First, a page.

Many of the names, as well as the fantasy realm itself, seem to draw heavily from Tolkein. The similarity of elven attributes was difficult to ignore, and while this facilitated the process of picturing an ethereal race, it took away from the mysticism of it all as my mind started drawing parallels between Tree of Life and Lord of the Rings. Fortunately, the creativity of the plot, as well as the well-paced storyline, maintained my interest in the reading at hand. Daniels displays a firm understanding of "show, not tell," as she introduces the reader to concepts and characters without giving excessive background information. We learn the details as we would in real life -- through conversation, action, and events.

For the most part, the text flowed quite readily.
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Format: Kindle Edition
I'd like to start this review by stating I'm not particularly a Fantasy genre fan, and really didn't expect to enjoy this book as much as I did. Ha! Fooled me.
Elita Faith Daniels has a definite way with words. The first sentence 'hooked' me, and her flowing sentences made me want to keep reading. Its rare in today's novels to
get such enjoyment just from the way wording is used.

""Set in a mythical country, there are elves, and humans, and 'mage'.....those with mystical powers.
The story centers around young Deacon, and his struggle to come to terms with his part human, part mage heritage, while fighting his own internal demons. The authors descriptive prose brought the characters and surroundings to life, and I found myself rooting for, sympathizing with, and wanting to throttle Deacon at different times.
There are highs, and there are lows, and I felt each one. If there is one downside......its the ending. Elita!! How can you leave me hanging like this??? There had best be a part II and soon.

I read the e-book version, which was very well formatted, with clickable TOC.

I have very few "shelf worthy" books..but this is one I turned around and ordered in paper form.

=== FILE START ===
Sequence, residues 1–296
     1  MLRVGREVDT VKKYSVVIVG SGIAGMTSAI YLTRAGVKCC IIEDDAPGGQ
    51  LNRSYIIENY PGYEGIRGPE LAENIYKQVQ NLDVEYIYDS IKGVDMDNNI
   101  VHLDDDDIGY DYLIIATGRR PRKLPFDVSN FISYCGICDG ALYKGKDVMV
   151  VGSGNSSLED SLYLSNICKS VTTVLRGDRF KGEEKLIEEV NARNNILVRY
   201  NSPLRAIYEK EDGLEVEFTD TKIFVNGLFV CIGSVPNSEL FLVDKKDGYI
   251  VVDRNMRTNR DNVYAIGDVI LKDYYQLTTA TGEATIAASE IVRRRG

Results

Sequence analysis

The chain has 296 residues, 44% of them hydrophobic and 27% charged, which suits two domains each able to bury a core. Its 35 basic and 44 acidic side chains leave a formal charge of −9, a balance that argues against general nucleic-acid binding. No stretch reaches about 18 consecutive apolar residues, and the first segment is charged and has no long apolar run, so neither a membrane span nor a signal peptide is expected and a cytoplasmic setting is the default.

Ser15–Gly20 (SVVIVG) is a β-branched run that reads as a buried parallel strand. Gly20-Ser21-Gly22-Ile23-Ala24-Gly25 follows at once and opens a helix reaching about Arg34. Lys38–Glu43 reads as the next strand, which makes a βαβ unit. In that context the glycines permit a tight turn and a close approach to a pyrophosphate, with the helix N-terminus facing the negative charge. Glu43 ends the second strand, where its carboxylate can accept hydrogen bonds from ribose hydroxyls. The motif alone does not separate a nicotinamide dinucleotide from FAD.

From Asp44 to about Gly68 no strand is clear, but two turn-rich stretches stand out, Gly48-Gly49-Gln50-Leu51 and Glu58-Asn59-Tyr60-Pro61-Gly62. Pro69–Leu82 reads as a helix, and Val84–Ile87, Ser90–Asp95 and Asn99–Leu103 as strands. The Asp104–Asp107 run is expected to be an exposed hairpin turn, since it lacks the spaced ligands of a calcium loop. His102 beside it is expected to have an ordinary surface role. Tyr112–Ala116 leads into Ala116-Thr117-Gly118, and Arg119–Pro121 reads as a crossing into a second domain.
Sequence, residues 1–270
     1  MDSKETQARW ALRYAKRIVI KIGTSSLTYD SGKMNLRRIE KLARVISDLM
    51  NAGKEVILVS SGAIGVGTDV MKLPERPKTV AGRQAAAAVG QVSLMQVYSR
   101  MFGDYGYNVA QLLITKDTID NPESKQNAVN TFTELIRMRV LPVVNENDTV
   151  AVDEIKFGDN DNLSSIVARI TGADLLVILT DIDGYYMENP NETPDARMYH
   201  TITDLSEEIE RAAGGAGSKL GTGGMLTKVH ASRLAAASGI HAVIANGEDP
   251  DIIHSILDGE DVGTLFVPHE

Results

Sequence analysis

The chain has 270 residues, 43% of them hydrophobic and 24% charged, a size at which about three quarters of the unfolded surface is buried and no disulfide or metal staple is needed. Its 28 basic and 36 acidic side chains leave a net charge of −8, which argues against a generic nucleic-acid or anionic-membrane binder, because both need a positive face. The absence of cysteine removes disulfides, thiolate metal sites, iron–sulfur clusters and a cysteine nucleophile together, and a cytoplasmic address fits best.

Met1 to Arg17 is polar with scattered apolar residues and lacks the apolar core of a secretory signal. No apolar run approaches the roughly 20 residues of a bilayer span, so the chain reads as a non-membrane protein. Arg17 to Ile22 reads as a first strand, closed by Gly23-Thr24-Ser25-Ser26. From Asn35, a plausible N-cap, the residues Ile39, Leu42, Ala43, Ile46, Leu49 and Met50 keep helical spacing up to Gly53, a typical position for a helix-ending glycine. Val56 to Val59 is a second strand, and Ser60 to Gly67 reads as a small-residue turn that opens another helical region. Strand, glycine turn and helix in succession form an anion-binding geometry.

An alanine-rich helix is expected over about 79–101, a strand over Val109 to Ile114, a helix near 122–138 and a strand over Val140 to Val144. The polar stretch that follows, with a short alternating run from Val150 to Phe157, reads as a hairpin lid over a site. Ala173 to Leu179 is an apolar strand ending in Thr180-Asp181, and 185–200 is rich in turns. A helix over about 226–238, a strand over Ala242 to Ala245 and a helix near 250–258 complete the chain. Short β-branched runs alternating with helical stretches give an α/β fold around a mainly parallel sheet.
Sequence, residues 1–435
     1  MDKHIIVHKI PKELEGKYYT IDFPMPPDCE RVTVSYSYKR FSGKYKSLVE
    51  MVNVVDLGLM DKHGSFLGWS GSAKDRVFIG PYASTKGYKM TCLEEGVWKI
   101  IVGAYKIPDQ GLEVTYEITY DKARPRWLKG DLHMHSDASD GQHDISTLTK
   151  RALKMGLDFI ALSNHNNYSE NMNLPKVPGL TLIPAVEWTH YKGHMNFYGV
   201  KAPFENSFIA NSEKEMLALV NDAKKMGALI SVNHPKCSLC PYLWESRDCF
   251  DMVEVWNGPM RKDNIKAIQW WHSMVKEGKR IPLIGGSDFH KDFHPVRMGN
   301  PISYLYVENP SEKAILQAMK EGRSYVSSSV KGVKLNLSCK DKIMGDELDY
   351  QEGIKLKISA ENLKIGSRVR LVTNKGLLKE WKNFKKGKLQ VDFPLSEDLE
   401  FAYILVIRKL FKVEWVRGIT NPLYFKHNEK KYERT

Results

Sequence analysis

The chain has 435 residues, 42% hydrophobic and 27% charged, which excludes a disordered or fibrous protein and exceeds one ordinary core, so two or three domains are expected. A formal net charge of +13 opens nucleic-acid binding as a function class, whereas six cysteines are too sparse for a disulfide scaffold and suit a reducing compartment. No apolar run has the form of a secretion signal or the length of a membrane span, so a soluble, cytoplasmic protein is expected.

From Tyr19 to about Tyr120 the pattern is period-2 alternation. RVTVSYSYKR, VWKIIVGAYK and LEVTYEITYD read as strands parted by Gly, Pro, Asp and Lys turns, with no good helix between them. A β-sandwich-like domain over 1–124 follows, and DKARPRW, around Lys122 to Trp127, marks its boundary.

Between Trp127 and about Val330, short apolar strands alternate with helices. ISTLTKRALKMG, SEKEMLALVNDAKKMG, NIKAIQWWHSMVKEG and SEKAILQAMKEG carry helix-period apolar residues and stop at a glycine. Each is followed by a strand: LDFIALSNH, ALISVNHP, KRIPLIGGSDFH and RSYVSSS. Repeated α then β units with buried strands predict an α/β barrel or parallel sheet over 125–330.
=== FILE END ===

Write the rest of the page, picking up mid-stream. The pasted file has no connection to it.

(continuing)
**Disclaimer. This is a near duplicate post of a review I posted on LibraryThing.
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By JOA on February 6, 2011
Format: Paperback
Rating: 1.9 out of 5

The older you get, the faster life moves. Yes, that's a cliché, but most times clichés have their roots in aspects of the truth. Days and weeks fly by, and before you know it you're looking at the past saying, "Maybe I should've stopped for a minute to appreciate the passage of time." When I find myself thinking this, and the limited time I have to do what I need to do, I abhor the things around me that waste my time, things that steal from me precious moments with which I could have been doing something different.

Not the best way to start a review, right? I know. But this is the way I started to feel while forcing myself through The Tree of Life by Elita Daniels.

I received this book as a review copy from the author. When reading the sample, it pulled me in because of the impending sense of sorrow and doom presented during the first couple chapters. I happily accepted it, thinking this melancholy suggested an impending expansion and heightening of emotion over the course of the text.

It turns out I was right. Sort of.

This is the story of Deacon, a young man with severe daddy issues. His father was a great and dangerous necromancer who wanted to use his son and wife's "Riven" blood (According to the tale, Rivens are a people whose connection to magic exists on a level almost like breathing air for everyday folks) to bring about...something. The particulars of his plan were never really explained, other than he wished to overthrow the governing body of magic that was in place at the time.